Coronavirus: China faces increasing pressure over handling of outbreak
Spain reports lowest daily death toll in weeks as South Korea records only eight new cases
Two Chinese kids wear protective masks as they visit the Temple of Heaven in Beijing, China. Photograph: Lintao Zhang/Getty
The novel coronavirus known as Covid-19 has infected more than 2 million people around the world, with the death toll from the virus now standing at almost 160,000. The confirmed coronavirus death toll in Europe approached 100,000 on Sunday, according to the Johns Hopkins University tally, but infection rates continued to slow.
Spain has reported its lowest daily death total for confirmed coronavirus victims in nearly a month, as the country fights to contain a savage outbreak that has killed more than 20,000 people there.
Spain’s health officials said on Sunday another 410 people have died in the last 24 hours. That is the lowest daily death toll since March 22nd, and takes the total number of fatalities to 20,453. Spain also reported 4,218 confirmed new cases of Covid-19, pushing the total number of cases there to 195,944.
Spanish prime minister Pedro Sánchez announced on Saturday that he will seek a two-week extension of the state of emergency in the country that is set to run out next week. But he also said the government will begin to ease tough lockdown measures to allow children to leave their homes from April 27th.
France’s national health agency said the number of virus patients in intensive care had dropped for the 10th day in a row, while the number of overall virus cases in hospital has fallen for three consecutive days.
French health officials said confinement is “stopping the viral spread”.
The total number of deaths in France from Covid-19 has reached 19,323. Nursing home deaths amount to more than one-third of the total.
Italy said on Sunday that deaths from the coronavirus pandemic had risen by 433, the lowest such daily tally in a week. The number of new cases there slowed to 3,047 from a previous increase of 3,491.
Poland saw its biggest spike in coronavirus cases on Sunday with 545 new infections recorded, according to health ministry data, a day before the country plans to ease some of its pandemic-related restrictions. As of Sunday, Poland had 9,287 confirmed cases and 360 deaths.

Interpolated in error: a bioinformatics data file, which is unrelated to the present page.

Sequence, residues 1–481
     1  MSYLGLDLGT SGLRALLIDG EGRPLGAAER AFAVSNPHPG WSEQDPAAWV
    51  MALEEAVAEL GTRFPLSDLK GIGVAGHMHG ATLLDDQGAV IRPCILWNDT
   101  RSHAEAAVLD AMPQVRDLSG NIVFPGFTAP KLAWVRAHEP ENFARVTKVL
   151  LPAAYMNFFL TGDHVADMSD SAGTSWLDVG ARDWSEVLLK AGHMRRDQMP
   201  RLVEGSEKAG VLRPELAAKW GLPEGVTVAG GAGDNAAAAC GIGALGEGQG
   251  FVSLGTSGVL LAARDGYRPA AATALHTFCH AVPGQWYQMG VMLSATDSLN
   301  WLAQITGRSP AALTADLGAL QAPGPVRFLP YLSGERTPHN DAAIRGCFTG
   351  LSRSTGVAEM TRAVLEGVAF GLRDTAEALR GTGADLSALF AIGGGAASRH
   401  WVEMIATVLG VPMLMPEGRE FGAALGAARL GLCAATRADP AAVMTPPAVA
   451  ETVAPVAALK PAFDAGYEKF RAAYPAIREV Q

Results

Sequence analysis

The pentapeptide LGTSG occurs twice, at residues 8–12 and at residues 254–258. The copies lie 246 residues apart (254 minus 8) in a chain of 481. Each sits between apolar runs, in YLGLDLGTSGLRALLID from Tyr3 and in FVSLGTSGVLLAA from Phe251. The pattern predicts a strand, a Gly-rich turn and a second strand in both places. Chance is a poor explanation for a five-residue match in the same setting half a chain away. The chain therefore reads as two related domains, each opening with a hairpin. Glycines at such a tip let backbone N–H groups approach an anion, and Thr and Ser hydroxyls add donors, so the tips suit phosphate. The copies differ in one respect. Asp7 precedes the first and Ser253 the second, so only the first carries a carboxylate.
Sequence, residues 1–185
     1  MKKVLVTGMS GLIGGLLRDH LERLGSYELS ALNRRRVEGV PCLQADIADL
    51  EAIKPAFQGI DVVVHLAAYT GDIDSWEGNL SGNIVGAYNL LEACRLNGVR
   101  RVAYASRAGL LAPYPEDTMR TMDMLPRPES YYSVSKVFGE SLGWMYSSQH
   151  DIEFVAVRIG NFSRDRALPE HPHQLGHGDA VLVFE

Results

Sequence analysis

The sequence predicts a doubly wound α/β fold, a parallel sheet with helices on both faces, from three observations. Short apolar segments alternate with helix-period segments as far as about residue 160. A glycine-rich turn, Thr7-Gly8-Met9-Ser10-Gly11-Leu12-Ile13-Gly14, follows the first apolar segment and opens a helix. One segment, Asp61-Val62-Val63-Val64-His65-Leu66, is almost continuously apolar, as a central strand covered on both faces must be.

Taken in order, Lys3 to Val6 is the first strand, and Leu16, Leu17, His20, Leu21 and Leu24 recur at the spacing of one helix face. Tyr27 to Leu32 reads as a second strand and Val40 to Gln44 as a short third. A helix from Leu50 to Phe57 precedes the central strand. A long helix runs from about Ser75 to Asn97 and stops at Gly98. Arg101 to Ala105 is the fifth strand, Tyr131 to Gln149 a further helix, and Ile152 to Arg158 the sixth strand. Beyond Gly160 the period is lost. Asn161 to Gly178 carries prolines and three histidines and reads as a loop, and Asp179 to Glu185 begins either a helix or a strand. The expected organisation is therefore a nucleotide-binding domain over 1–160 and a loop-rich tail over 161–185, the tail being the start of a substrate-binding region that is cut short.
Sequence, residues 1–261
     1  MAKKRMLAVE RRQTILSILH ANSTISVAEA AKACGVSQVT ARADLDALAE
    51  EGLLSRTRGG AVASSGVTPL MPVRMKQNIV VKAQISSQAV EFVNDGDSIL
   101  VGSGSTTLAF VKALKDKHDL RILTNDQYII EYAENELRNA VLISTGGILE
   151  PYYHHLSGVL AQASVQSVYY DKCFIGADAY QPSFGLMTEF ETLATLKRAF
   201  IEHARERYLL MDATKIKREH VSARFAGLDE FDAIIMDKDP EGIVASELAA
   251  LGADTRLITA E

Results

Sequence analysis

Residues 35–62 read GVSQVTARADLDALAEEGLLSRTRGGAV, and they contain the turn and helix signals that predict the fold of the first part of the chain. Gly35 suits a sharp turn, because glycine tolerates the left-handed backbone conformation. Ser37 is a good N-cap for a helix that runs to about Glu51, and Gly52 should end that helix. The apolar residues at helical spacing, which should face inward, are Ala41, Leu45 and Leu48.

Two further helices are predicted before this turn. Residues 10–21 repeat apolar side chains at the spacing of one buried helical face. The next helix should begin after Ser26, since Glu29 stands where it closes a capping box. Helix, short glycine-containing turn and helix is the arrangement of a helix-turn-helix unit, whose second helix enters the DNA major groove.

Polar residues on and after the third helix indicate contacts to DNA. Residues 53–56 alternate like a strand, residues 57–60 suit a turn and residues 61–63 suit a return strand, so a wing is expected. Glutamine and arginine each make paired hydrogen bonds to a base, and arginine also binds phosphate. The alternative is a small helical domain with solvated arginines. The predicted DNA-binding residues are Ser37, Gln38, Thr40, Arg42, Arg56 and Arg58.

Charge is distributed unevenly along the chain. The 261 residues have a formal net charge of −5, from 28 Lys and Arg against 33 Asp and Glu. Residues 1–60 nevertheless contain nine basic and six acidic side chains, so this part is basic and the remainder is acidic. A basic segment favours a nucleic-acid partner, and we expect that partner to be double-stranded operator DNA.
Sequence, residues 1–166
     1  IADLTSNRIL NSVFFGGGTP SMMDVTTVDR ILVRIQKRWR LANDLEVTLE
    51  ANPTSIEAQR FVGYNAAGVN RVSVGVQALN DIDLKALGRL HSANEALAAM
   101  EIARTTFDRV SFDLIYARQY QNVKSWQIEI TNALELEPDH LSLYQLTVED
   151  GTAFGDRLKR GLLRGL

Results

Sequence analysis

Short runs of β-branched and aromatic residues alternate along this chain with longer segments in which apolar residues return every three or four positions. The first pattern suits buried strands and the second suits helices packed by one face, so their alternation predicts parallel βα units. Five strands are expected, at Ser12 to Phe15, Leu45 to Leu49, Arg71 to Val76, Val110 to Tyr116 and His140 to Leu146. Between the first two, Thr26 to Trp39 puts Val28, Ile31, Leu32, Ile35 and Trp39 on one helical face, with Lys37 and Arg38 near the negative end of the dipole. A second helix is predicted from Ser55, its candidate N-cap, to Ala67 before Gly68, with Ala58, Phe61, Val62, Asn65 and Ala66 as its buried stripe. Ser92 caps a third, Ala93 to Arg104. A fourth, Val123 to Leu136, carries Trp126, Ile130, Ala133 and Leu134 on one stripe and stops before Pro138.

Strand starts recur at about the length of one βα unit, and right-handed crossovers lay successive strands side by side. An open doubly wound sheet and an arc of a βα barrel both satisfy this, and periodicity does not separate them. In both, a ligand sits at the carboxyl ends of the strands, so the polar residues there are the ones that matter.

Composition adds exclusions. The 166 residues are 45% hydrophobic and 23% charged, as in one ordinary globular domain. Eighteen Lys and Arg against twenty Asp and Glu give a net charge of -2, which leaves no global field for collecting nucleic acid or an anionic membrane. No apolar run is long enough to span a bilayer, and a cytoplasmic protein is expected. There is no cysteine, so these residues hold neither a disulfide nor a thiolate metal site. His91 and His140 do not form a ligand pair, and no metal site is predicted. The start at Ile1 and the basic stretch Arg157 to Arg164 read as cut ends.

Germany will permit small retail spaces to reopen from Monday alongside car dealerships, cycling stores and bookshops, though people will be urgently advised to wear masks while in public. Poland will reopen parks and forests from Monday. Children in Norway will also return to kindergarten, and open-air markets in the Czech Republic will be permitted to trade as part of a six-week strategy to gradually lift restrictions.
Russia identified 6,060 new infections in 24 hours, setting another daily record. The total number of cases rose to 42,853, with 48 new deaths bringing the number of fatalities to 361, Russia’s coronavirus information centre reported.
“The situation is completely under control,” president Vladimir Putin said in a Russian Orthodox Easter address focused on the impact of coronavirus. “We have everything we need: a healthy, strong economy, scientific potential, medical resources and a highly professional healthcare system.”
South Korea on Sunday reported single-digit new coronavirus cases for the first day in two months, with eight new infections.
Of the new cases, five were imported from overseas, the Korea Centres for Disease Control and Prevention (KCDC) said. The death toll rose to 234.
It was the first time since February 18th that South Korea reported such a single-digit daily rise. The figure brings its total infections to 10,661.
US president Donald Trump warned China on Saturday that it should face consequences if it was “knowingly responsible” for the coronavirus pandemic, as he ratcheted up criticism of Beijing over its handling of the outbreak.
“If it was a mistake, a mistake is a mistake. But if they were knowingly responsible, yeah, I mean, then sure there should be consequences,” Mr Trump said. He did not elaborate on what actions the US might take.
Mr Trump and senior aides have accused China of a lack of transparency after the Covid-19 virus broke out late last year in the Chinese city of Wuhan. This week he suspended aid to the World Health Organisation, accusing it of being “China-centric”.